Anyway, that brings us up to where we are now. A little bit of faith restored, but with Bruce far from redeemed himself. A win against Aston Villa on Saturday though will help a hell of a lot, and maybe we can finally start to climb the table. Who knows, though?

Thursday, 8 September 2011

Why this has been neglected

As you're probably aware if you've read my blog recently, there hasn't been a post since derby day, and that was somewhat short. Anyway, I'm not just being a lazy sod and decided to give up on it (not that there has been anything to shout about), but I've had my mind focused on a more serious project of mine.

For those of you that follow me on twitter, which I assume is most of you, or else you'd probably be not reading this otherwise, you may know that I'm in the process of launching a new Sunderland related website, which focuses on legends, cult heroes, past matches, interviews with ex players and many more features. I first had the idea to start The Roker Light in February 2010, and I got straight to work with the other lad I'm doing this with, Nathan. We hit a few glitches along the way and sort of neglected it for a few month, but I'm pleased to say we're back on track and it's coming along nicely. Hopefully we'll launch in Winter this year, all going to plan.

At the moment, we're in the process of recruiting a full time article team. We have three members currently, but ideally we'd like a couple more. If you're interested in writing for us, please email with a few details about yourself and we'll consider you. As we're focusing on the history of the club, people of an older age would be specifically good to have, however we're open to look at anyone interested.

Please follow @ on twitter for more information and updates about how we're getting on, and after launch, that will be the place we plug our articles and interviews.

Thursday, 18 August 2011

The big one, Mackems v Geordies.

So as I type this, two days before Sunderland take to the field at the Stadium of Light for the first time this season, I'm bricking it. This isn't a normal fixture, far from it, this is the most important 90 minutes of football all season, just a tad more important than the away fixture. Yep, it's the Wear-Tyne Derby; a fixture that brings out the hatred between the two clubs and the two sets of supporters more than any other time of the year. There aren't many teams in the world that have the power to make people hate each other for their allegiances, however Sunderland and Newcastle are two of them.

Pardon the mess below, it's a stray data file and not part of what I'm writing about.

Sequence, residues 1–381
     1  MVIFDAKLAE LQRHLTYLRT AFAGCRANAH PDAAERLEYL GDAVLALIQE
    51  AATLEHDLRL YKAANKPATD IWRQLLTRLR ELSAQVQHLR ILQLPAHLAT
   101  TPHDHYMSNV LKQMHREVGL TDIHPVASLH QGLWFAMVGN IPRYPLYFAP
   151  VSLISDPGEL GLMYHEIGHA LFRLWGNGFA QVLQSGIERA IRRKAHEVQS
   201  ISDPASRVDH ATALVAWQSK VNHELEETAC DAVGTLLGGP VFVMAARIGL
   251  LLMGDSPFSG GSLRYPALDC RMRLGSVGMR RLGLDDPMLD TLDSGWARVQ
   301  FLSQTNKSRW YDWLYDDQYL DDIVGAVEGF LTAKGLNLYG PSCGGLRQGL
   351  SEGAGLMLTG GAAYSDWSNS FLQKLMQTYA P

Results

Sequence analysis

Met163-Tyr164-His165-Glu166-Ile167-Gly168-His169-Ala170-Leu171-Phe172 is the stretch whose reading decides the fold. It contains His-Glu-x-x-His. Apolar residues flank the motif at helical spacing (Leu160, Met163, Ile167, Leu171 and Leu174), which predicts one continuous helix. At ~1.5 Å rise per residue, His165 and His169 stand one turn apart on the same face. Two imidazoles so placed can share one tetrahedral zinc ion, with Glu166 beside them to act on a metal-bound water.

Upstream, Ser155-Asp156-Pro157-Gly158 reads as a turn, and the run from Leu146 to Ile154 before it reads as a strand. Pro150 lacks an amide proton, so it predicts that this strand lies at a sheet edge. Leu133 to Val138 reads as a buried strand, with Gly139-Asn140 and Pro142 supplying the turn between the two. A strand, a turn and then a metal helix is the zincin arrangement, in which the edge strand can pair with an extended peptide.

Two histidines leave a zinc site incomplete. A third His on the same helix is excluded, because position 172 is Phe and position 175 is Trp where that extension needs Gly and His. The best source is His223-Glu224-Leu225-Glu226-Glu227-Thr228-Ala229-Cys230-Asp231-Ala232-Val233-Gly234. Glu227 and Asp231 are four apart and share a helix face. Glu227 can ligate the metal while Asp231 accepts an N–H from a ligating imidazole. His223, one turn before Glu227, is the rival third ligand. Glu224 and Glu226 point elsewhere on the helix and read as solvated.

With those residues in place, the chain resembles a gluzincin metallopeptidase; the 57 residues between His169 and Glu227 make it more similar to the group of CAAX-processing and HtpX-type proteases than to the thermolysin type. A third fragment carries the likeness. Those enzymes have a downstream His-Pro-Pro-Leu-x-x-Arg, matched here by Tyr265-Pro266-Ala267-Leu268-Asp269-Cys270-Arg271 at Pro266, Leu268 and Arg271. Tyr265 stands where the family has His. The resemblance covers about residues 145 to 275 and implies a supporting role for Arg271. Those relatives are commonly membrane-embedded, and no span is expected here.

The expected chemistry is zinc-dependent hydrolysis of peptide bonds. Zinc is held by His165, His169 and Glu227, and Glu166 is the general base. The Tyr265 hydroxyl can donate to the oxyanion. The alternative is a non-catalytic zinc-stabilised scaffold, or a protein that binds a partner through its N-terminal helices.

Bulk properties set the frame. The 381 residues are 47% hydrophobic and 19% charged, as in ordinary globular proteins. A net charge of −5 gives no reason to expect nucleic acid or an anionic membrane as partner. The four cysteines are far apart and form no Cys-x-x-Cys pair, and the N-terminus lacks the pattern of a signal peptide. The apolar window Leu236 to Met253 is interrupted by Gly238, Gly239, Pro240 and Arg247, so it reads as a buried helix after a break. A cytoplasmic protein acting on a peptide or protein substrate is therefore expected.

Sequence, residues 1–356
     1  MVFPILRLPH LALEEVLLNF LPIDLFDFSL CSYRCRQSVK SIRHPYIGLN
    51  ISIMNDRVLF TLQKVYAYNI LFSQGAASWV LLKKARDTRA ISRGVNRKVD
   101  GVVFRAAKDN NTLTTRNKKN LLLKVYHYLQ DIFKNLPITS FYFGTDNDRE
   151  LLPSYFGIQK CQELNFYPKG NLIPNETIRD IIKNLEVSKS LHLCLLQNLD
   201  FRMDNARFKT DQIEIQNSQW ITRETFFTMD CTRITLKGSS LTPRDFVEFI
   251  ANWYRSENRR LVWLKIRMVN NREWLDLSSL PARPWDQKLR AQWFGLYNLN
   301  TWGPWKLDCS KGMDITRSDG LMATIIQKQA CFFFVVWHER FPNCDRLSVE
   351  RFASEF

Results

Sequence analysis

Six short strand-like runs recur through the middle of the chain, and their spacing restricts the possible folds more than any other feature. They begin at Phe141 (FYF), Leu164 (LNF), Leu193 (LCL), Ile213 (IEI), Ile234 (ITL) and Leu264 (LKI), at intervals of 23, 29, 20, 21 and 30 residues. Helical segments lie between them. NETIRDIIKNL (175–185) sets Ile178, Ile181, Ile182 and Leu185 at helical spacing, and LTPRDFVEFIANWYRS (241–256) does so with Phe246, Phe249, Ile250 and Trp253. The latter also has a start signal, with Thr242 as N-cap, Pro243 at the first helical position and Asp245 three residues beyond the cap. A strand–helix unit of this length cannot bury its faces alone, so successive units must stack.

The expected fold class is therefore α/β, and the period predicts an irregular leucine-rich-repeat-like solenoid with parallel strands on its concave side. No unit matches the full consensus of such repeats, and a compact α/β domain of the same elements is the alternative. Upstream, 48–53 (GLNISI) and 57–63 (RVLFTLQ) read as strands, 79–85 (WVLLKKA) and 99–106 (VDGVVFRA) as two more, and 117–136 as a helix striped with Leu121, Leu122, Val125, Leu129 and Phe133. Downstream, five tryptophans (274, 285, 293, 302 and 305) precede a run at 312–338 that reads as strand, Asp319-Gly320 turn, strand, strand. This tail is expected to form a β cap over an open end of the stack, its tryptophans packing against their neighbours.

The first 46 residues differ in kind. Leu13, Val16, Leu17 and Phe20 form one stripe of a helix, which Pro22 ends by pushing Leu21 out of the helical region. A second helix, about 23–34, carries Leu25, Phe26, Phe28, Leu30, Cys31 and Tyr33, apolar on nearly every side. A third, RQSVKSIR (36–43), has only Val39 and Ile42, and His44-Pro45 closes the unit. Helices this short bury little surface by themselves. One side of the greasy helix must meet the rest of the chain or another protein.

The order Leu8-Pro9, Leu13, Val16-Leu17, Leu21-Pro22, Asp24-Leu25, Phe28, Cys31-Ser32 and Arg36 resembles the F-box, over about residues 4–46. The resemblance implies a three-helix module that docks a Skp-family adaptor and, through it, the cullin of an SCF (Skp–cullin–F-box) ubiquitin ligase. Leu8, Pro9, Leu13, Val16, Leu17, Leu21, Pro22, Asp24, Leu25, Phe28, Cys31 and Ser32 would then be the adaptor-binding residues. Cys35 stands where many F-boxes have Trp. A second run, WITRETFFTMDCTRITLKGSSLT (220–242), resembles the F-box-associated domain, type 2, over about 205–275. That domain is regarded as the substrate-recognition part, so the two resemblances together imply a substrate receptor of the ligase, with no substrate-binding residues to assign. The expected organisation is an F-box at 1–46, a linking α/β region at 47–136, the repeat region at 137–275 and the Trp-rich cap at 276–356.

The importance of the game, in the grand scheme of things, is just the same as any other. The same amount of points are at stake as an away tie at Stoke. It's not the points that matter though, it's the bragging rights that the winner will hold until the two teams meet again and fight for those rights once more. Obviously, as it stands, it's the Tynesiders that have the edge on Sunderland in that sense, what with the mauling at St. James' last season and then being thirty seconds away from a win on Wearside soil.

That's in the past, though, and as Sunderland fans, we know that we have to deal with the constant grief for probably the rest of our lives, the only thing that will overrule that is for us to better the scoreline. Unlikely, in my lifetime. For now, though, the best thing for us to do is set the record straight by proving that we're far superior to them lot, first of all by winning the game on Saturday, followed by earning at least a draw on March 3rd. In addition to those, we need to finish above them for the fourth season in a row. Once we have done those three things, maybe people will start to realise that we really are top dogs, and we're here to stay.